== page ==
I know I should wait until there is three of something before calling it a trend, but Spoon readers: Is something going on with equity crowdfunding?
Over the course of two business days, two bits of equity crowdfunding news came across my desk. On Friday, GoSun announced it was going back to equity crowdfunding to raise $500,000 of its Series A, and today GOffee (noticing a “Go” trend here) announced it has raised $1.07 million via equity crowdfunding. Both companies used StartEngine’s platform to raise their funds, FWIW.
For those who need it, here’s a quick primer on equity crowdfunding: It’s kinda like regular idea crowdfunding you see on Kickstarter and Indiegogo. Only instead of buying a product, regular (or “non-accredited”) investors, everyday joes, can buy actual shares into the company. If there is an exit for the company, investors would get a return, though I recommend reading StartEngine’s FAQ to learn more about the specific rules and risks around equity crowdfunding.
As noted earlier, this is GoSun’s second trip to the crowd for money; the company raised a $500,000 seed round in 2017. I spoke with GoSun CEO Patrick Sherwin about the decision and he said he liked equity crowdfunding because it allowed him to grow the company at his own pace, without a VC firm pressuring him to scale up quickly so they can get their 10x return.
But in the case of crowdfunding, cash is all you’ll get. In addition to money, the right VC brings with them industry connections, mentoring and advice. Going to the crowd, ironically, means a company is more likely to go it alone.
Things get tricky from a regulatory perspective when you talk about investing and financing and all that, so I should take a quick moment to say that I’m not endorsing equity crowdfunding as a funding mechanism or as an investment opportunity. Like with any investment opportunity (or crowdfunding!), there is no guarantee. Do your research and caveat emptor.
Like I said, it’s too early to call equity crowdfunding a trend. In addition to GoSun, there are just ten other active food and beverage companies on the StartEngine platform, most of them drink-related (spirits, CBD drinks, etc.), and seven of which have hit their crowdfunding goals.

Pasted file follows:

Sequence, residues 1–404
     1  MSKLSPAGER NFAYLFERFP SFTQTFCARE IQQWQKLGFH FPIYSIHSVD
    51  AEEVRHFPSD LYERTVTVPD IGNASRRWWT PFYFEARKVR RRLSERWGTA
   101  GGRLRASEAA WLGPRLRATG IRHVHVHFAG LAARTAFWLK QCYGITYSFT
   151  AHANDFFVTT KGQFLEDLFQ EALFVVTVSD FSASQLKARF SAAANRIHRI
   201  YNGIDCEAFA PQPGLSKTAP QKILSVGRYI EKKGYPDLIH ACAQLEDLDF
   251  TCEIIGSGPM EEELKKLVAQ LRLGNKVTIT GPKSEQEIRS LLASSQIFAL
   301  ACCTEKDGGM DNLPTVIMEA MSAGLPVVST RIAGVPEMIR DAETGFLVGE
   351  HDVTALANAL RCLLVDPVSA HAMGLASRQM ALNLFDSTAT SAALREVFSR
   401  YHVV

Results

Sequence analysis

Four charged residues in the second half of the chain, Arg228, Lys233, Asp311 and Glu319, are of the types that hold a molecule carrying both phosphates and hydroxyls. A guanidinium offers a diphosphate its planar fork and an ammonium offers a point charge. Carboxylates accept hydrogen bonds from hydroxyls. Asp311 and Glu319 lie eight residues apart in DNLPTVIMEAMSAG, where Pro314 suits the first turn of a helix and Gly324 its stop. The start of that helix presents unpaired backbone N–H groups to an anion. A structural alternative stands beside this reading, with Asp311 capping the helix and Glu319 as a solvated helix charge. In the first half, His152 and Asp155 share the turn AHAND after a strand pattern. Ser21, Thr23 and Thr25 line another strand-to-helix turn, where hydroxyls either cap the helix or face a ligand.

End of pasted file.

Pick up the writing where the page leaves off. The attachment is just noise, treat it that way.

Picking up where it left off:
The idea of opening up and allowing anyone to invest in your company on this type of scale is a new one. I imagine we’ll see a lot of startups try this mechanism in areas where there aren’t a lot of VC firms or other types of startup infrastructure. Like regular crowdfunding, we’ll see a lot of flameouts, but also one or two homeruns.
Cloud Kitchens are just fine, thank you very much
Last week, a TechCrunch headline proclaimed that “Cloud Kitchens is an Oxymoron.” I wrote a response outlining the ways in which the cloud kitchen business is actually good thanks to companies like Kitchen United, and exciting even with new developments from Zume and Ono Food.
I bring it up not to re-pick a fight, but because of the number of people who reached out to me after that post. It seems that both articles really struck a nerve and our readers have some thoughts. I encourage you to share them! The best way to push this industry forward is to have robust discussions about difficult topics like business models and the necessity of new technologies. You can always drop us a line, join our highly active Spoon Slack Channel, or leave a comment on a social media channel like Linkedin.
Smart Kitchen Summit videos are going live
If you couldn’t make our (awesome) Smart Kitchen Summit this year, or want to catch a session you missed, good news! We’ve been furiously uploading video from the panels, firesides and presentations to our YouTube channel and on the Spoon site. We’ve got a bunch up there now, and more are being added every day, so visit and subscribe to The Spoon YouTube channel and make sure you don’t miss a minute of it.